Gridlock at the Worst Time
By Arnold Kling
More and more laws will be frozen in place. This already seems to be the case with immigration policy. More and more expenditures will be frozen into place. Politics will become more symbolic, and in some ways more disgusting, in response to the absence of real issues to argue over.
Recently, I pointed to polling data showing that American voters now want to see leaders who will stick to their principles rather than compromise. It seems likely that the election in six weeks will give them their wish. That means that each political party will have the capability and the will to veto proposals from the other party. It means that bipartisan proposals, such as might come out of the deficit-reduction commission, are dead on arrival.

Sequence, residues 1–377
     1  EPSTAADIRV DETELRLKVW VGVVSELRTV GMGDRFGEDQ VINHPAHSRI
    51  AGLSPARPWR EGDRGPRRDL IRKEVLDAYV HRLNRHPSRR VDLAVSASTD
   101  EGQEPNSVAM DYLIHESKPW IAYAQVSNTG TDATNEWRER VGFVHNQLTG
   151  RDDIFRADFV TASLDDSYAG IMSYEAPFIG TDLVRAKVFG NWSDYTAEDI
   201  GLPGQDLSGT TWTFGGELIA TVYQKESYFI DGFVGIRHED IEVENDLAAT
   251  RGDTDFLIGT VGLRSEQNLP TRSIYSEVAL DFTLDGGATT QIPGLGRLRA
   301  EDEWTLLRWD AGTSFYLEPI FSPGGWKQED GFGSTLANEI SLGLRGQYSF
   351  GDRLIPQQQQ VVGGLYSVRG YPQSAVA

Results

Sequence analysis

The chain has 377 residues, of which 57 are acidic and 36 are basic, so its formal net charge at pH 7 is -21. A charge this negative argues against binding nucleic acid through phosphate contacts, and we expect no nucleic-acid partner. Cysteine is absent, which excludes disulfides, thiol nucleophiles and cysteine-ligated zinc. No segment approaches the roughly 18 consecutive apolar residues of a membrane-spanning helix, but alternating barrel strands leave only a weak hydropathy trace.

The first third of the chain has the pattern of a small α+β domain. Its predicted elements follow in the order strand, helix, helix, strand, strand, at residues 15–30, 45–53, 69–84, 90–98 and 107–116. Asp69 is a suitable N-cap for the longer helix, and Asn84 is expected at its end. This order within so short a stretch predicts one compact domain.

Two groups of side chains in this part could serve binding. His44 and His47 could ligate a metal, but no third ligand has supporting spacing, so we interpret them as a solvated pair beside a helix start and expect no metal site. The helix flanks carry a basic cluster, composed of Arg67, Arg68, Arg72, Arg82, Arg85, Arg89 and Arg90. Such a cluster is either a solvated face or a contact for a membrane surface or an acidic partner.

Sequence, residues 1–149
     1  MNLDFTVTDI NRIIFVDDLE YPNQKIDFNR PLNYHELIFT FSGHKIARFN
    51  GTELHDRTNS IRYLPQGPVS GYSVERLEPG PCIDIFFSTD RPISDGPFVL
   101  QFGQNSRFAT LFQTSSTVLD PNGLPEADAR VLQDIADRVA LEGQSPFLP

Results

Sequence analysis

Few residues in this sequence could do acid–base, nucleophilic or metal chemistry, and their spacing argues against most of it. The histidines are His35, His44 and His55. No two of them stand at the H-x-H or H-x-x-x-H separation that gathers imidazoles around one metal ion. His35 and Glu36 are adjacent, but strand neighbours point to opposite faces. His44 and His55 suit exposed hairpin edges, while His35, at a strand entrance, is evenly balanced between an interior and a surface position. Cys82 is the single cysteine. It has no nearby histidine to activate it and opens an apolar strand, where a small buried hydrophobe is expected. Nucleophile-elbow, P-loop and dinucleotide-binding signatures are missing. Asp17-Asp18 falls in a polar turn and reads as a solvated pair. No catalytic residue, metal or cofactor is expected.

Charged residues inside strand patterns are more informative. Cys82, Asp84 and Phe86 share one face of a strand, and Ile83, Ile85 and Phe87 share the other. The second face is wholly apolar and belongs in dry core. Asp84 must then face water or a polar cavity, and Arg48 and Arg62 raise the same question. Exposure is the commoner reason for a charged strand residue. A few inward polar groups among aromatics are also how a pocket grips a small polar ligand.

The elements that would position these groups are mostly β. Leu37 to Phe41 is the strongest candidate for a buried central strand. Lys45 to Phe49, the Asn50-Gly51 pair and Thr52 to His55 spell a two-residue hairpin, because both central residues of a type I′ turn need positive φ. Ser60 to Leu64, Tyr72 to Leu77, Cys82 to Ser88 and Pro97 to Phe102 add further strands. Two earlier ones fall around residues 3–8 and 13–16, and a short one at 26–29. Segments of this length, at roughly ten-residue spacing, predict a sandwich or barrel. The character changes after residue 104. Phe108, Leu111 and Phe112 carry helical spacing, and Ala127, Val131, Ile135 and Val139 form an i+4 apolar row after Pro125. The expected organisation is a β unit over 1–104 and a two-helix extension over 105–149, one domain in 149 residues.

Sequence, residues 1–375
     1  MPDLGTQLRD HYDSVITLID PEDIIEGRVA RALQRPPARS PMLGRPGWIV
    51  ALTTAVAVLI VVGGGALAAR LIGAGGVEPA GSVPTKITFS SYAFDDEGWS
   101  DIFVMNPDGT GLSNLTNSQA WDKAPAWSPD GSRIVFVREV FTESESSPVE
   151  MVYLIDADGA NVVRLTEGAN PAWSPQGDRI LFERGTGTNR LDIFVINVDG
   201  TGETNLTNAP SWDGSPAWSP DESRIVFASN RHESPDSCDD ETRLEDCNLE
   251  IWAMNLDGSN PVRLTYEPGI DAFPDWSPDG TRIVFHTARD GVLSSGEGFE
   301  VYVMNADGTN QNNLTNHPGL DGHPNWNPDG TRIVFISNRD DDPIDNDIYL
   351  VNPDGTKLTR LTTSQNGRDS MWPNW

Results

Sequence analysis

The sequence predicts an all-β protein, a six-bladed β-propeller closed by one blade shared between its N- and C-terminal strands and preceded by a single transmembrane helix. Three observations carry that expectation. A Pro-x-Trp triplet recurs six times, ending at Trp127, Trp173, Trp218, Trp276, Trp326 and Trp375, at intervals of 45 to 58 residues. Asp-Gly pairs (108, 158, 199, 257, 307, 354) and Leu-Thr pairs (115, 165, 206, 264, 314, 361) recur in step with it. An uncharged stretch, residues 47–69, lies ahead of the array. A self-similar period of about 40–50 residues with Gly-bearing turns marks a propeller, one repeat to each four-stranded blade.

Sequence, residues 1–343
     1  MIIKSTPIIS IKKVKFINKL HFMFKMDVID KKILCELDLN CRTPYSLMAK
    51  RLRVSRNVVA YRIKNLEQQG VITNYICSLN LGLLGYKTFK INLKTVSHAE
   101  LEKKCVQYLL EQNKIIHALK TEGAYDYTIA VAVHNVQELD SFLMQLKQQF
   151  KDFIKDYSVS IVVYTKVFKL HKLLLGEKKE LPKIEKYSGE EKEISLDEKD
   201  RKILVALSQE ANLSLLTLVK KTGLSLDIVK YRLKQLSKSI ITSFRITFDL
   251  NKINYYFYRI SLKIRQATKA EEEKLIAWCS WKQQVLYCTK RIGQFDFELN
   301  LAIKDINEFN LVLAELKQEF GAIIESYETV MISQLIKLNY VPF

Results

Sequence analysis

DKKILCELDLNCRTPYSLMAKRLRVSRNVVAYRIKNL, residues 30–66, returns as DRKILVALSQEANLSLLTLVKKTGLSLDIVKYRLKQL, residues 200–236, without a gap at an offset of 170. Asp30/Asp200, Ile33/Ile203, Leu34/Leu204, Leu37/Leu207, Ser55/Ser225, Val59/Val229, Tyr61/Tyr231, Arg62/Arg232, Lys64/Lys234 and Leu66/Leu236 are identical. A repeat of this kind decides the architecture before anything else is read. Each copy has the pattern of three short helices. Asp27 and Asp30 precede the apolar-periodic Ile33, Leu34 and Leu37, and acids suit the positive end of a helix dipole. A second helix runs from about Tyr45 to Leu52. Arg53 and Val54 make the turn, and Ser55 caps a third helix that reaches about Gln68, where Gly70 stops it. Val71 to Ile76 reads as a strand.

Libertarians used to see gridlock as a good thing. However, now that the evident need is for major reductions in the path of spending, this is in fact the worst possible time to have gridlock. Tyler foresees a sovereign debt crisis for the United States some time in the next twenty years. As you know, I share that outlook. Thus, the idea that we can learn from a chart that projects the fiscal outlook to the year 2080 is delusional.